The findings come from a novel longitudinal analysis of 400 patients, which the researchers said validates and further underscores the utility of laboratory parameters for the management of hidradenitis suppurativa.
Levels of inflammatory markers and leukocyte profiles have implications for the severity of hidradenitis suppurativa (HS) over time, say new study findings.
The retrospective findings come from a novel longitudinal analysis of 400 patients, which the researchers said validates and further underscores the utility of laboratory parameters for the management of HS. While measures such as Hurley staging are used for clinical assessment of HS, cross-sectional studies have rarely exclusively studied objective disease markers.
“These novel associations not only allow for us to further understand the pathogenesis of HS but also translate to the clinical and research setting,” wrote the researchers. “Clinically, providers can use these findings to objectively evaluate and monitor disease progression, limiting potential interobserver variability in HS scoring. This can be further extended to allow for a robust assessment of HS disease status in trials and other research studies.”
Each patient included in the study had up to 4 visits at the Einstein/Montefiore HS Center in New York between March 2019 and November 2020. The mean time in between visits was 112.6 days; the researchers noted incongruent follow-up times across the group.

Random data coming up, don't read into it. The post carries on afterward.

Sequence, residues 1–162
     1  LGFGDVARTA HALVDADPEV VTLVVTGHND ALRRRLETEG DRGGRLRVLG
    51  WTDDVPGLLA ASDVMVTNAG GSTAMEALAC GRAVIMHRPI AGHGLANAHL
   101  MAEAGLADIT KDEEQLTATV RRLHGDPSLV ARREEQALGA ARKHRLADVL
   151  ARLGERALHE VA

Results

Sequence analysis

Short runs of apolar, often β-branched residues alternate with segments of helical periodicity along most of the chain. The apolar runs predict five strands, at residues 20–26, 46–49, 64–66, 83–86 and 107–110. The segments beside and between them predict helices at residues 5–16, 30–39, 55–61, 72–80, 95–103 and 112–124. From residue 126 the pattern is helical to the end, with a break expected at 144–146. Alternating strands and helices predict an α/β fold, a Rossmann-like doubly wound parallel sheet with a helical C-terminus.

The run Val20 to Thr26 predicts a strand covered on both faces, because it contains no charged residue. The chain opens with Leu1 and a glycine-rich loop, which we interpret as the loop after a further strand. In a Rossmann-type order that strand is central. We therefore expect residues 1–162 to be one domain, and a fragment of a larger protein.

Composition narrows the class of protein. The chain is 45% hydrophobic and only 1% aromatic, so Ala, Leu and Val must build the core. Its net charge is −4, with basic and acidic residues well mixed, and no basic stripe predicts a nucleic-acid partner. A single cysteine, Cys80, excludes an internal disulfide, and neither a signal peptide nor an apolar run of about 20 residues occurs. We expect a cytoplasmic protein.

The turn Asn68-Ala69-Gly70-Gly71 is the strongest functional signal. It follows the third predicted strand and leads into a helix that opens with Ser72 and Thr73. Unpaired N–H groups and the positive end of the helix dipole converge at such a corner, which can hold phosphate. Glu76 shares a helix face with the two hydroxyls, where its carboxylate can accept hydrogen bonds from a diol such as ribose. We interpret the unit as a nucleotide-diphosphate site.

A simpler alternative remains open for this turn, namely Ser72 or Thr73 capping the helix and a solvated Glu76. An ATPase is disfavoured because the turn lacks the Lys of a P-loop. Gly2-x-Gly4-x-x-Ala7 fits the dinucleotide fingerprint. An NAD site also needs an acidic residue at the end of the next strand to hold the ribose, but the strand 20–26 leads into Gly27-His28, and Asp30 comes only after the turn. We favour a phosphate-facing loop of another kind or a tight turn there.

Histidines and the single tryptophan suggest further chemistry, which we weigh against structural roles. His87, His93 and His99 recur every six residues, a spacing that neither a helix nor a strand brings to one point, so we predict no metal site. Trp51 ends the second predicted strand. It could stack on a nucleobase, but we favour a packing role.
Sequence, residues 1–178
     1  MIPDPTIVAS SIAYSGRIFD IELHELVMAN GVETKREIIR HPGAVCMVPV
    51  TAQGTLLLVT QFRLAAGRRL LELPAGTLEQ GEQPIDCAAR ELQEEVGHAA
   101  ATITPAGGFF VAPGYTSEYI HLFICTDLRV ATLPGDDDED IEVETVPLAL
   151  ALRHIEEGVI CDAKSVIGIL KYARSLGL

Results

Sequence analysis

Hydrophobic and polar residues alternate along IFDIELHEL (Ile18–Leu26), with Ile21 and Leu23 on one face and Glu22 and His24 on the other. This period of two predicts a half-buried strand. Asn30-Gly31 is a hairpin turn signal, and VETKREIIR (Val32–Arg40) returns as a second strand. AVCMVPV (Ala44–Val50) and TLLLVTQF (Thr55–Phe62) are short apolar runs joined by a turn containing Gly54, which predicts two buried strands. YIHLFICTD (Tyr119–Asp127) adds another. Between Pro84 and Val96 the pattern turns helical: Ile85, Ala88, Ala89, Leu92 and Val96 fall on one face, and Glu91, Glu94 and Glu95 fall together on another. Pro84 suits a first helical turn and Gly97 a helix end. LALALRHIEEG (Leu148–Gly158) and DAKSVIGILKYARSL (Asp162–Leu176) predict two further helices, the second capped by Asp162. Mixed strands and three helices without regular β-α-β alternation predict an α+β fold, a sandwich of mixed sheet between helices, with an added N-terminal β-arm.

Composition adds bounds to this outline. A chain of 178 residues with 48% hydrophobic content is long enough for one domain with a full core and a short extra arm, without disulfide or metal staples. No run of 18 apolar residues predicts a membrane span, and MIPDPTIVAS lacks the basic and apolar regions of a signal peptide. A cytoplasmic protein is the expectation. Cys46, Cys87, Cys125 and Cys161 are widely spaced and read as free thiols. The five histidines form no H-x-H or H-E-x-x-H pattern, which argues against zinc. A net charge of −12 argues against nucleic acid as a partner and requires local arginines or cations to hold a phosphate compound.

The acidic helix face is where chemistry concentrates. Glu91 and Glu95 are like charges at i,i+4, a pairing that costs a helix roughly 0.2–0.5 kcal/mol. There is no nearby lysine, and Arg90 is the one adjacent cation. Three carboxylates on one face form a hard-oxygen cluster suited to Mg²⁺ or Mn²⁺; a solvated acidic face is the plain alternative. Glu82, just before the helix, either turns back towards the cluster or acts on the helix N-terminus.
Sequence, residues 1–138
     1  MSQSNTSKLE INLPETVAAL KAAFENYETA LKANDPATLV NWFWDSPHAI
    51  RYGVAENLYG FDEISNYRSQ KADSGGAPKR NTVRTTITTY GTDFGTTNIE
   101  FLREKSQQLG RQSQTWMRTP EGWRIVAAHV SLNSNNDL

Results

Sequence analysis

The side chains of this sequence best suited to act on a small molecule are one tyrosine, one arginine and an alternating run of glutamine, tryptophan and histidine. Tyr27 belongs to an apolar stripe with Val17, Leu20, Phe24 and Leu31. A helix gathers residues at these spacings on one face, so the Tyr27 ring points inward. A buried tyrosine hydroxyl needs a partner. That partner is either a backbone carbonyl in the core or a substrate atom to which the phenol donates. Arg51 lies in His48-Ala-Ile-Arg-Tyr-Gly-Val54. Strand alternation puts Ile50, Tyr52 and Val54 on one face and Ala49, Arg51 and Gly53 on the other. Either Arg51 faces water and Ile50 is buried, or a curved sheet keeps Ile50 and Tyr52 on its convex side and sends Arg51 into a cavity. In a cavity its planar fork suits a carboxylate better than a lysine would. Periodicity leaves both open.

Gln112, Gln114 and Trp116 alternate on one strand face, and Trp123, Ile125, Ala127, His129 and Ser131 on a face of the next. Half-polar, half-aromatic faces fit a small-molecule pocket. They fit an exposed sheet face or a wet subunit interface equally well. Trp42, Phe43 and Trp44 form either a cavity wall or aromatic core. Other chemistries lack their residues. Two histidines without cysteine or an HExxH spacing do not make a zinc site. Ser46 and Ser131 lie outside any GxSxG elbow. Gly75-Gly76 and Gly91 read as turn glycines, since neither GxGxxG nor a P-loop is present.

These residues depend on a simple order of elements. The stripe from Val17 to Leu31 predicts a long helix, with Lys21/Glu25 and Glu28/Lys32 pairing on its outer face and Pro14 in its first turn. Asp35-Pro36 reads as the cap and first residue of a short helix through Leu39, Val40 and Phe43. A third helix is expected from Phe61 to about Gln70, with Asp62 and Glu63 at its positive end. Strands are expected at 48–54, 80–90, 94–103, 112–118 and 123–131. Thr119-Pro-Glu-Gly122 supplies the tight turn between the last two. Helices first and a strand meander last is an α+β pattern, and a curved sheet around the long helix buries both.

Examining the multiple visits longitudinally and adjusting for multiple variables, including age and body mass index, the researchers found that increases in C-reactive protein (CRP) (odds ratio [OR] 1.87; 95% CI, 1.49-2.34), erythrocyte sedimentation rate (OR 1.04; 95% CI, 1.03-1.04), and interleukin-6 (IL-6) (OR 1.08; 95% CI, 1.00-1.16) were strongly associated with severe disease.
Similarly, the researchers found that increases in various leukocyte profiles, including leukocytes and neutrophils, were associated with severe disease, which the researchers said aligns with the hypothesized inflammatory pathogenesis of HS, as leukocytosis in the disease has been shown to be neutrophil dominated compared with controls.
When examining the multiple visits longitudinally and adjusting for multiple variables, the researchers found that increases in leukocytes increased the risk of severe disease by 22% and neutrophils, known to play a large role in inflammation, increased the risk of severe disease by 31%.
“The role of these molecules in HS pathogenesis likely explains their correlation with disease severity and utility as biomarkers. The interplay between IL-6 and CRP contributes to HS disease activity,” explained the researchers.
They continued, “Neutrophils and macrophages stimulate the production of IL-6, a proinflammatory cytokine. This contributes to the development of T helper 17 (Th17) lymphocytes. Dysregulation of the Th17 ratio to regulatory T cells has been postulated to contribute to HS immunopathogenesis. Additionally, IL-6 induces the expression of acute phase proteins, including CRP, that act as a principal downstream mediator of acute-phase responses following an inflammatory event.”
Other leukocyte profiles associated with an increased risk of severe disease included eosinophils (OR 14.40; 95% CI, 2.97-69.74), basophils (OR 2.53; 95% CI, 1.09-5.85), monocytes (OR 5.36; 95% CI, 2.49-11.53), and neutrophil-lymphocyte ratios (OR 1.63; 95% CI, 1.35-1.96). Meanwhile, increased levels of lymphocytes (OR 0.86; 95% CI, 0.68-1.10) were associated with a decreased risk of severe disease.
Andriano TM, Benesh G, Babbush KM, Hosgood HD, Lin J, Cohen SR. Serum inflammatory markers and leukocyte profiles accurately describe hidradenitis suppurativa disease severity. Int J Dermatol. Published online May 11, 2022. doi:10.1111/ijd.16244